I discovered Grand Lake Kitchen, a shiny new deli in my neighborhood, just days after it opened. Within weeks — though it was still too early for me to don my fake 'stache and start logging official review visits — I'd already become something of a regular.
On Saturdays, on my way home from the Grand Lake Farmers' Market, I'd snag a Beauty's bagel and a cup of coffee. One evening, needing a starch to round out a weeknight dinner, I picked up a tub of the deli's excellent house-made macaroni salad (a mild version, flecked with tuna). Over Thanksgiving, wanting to offer out-of-town guests a savory little snack, I stopped in to buy a bag of 4505 Meats' legendarily addictive chicharrones — one of several surprising finds in the deli's small, but well-curated, grocery section.
By the time the industry-standard six-week "no review" grace period had passed, I'd already worked my way through about half the menu. Suffice it to say, I like the place.
Co-owner May Seto said that she and her husband, chef David Wasem, didn't initially plan for their first restaurant venture to be a delicatessen. But then they found a location they loved, a former office space just a short walk from the Grand Lake Theater, and decided to build their business around what the neighborhood needed (novel concept!) — in this case, a quick grab-and-go option that wasn't pizza or fast food. So, a deli it was.
Still, Grand Lake Kitchen defies easy categorization. It isn't a traditional Jewish deli (there's no pastrami — they're still looking for one they like — and pork is featured prominently). It also isn't one of those places where, on point of pride, every single item is made from scratch in-house. They aren't making their own sausages or cold-cut meats; they don't bake their own bread. Seto makes no bones about the fact that the deli lacks the square footage to do as much of that kind of thing as she and Wasem might like.
Yet, in spite of those limitations, the deli already fills at least three or four different niches for a neighborhood that didn't have a great sandwich shop, or a cozy diner, or a posh grocery store carrying obscure sodas and organic baby food. Small as it is, the deli is as close to a one-stop shop as you'll find in the general vicinity of Lake Merritt, short of hoofing it over to Whole Foods.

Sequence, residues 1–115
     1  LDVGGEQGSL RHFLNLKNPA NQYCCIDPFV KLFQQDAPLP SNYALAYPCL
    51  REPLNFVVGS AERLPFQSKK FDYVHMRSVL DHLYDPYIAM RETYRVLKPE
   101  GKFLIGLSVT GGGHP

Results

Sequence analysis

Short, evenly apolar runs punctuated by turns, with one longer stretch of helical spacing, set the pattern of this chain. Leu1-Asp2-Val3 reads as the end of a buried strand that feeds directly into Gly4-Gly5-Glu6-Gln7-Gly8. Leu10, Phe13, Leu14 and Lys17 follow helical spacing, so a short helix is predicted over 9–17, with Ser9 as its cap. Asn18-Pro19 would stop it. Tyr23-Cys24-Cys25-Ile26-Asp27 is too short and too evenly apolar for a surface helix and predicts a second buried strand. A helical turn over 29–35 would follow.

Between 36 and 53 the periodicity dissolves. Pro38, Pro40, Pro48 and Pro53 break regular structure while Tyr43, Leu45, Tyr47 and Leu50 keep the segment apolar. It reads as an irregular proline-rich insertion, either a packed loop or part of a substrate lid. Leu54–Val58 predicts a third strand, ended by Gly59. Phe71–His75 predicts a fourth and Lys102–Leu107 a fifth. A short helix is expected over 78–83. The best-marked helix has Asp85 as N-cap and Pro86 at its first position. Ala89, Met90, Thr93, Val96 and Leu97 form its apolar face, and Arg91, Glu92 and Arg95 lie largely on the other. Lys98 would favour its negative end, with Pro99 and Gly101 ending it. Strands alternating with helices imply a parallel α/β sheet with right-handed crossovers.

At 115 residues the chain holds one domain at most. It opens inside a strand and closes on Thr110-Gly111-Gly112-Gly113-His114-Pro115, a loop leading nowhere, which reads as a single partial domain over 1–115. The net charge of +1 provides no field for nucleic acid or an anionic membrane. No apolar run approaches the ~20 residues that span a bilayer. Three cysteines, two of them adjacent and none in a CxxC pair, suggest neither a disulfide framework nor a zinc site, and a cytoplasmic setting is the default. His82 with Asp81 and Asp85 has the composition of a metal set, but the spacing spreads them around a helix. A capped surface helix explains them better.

Seto said the restaurant plans to launch a non-sandwich-centric dinner menu sometime in the next month, but for now, a rotating list of ten or so different sandwiches — both hot and cold — is the big selling point. One featuring roasted pork belly was an understated, but delicious, riff on porchetta — the meat tender and fatty, but not over the top. Served with pickled fennel (for crunch) and a vinegary chimichurri sauce (to cut through the heaviness), it was a textbook example of smart, balanced sandwich design.
And Wasem's take on a Cuban sandwich, while not entirely authentic (pork tenderloin, ham, Swiss cheese, and pickles served — gasp — on grilled sourdough), is good enough to give the one sold around the corner at Caña — an actual Cuban restaurant — a run for its money.
Grand Lake Kitchen's pièce de résistance is the open-faced egg-salad sandwich that Seto and Wasem have dubbed the "Oyako," after that wonderfully morbid expression (literally, "mother and child") the Japanese use to describe chicken-and-egg dishes. Wasem's egg salad has the perfect smooth consistency — the yolks mashed to a fine crumb, the mayo plentiful. The "chicken" component? Thin shards of crispy chicken skin, which turn humble comfort fare into something decadent — one the most delicious things I ate all last year, and a dish ogle-worthy enough that three different passersby stopped at my table to ask what I was eating.
In addition to the sandwiches, there are a couple of soups every day (my favorite was a thick and satisfyingly meaty split pea soup) and a deli case stocked with mostly-vegetarian side dishes. It's in these offerings that you'll find the biggest element of seasonality. I especially enjoyed an uncharacteristically refreshing winter vegetable prep: Tokyo turnips (grilled until slightly caramelized and wonderfully juicy) served cold along with the turnips' bitter, chile-spiked greens.
But that small side dish cost me $5 — half the cost of my sandwich. Indeed, the biggest fault I've found with Grand Lake Kitchen is that the prices are sometimes a bit high for the portion size — the sandwiches, while not exactly dainty, aren't constructed with massive appetites in mind, and the only side they come with is a few house-made pickled things (which, to be fair, are excellent). The addition of, say, a small scoop of potato salad would feel more generous.
One more quibble: Any Bay Area restaurant making even a token nod toward seasonality really shouldn't serve tomatoes in December, so it irked me when the deli put a BLTA (bacon, lettuce, tomato, and avocado) on the menu. If it were possible to have delicious out-of-state tomatoes shipped in, I wouldn't grouse on principle alone — but no, these were as mealy and flavorless as you might expect.
Anyway, Seto and Wasem are still working out some kinks — tweaking the menu, fooling around with different breads and condiments. But to their credit, in Grand Lake Kitchen, they've already created a cozy space that feels like a cross between an old-fashioned diner and a corner bistro: stools tucked under a long counter, tables on the sidewalk that are perfect for people-watching when the weather is nice — when the sunlight sparkles on the surface of the lake and, your belly full of egg salad, it's easy to feel like this slice of Oakland is the best little neighborhood in the world.
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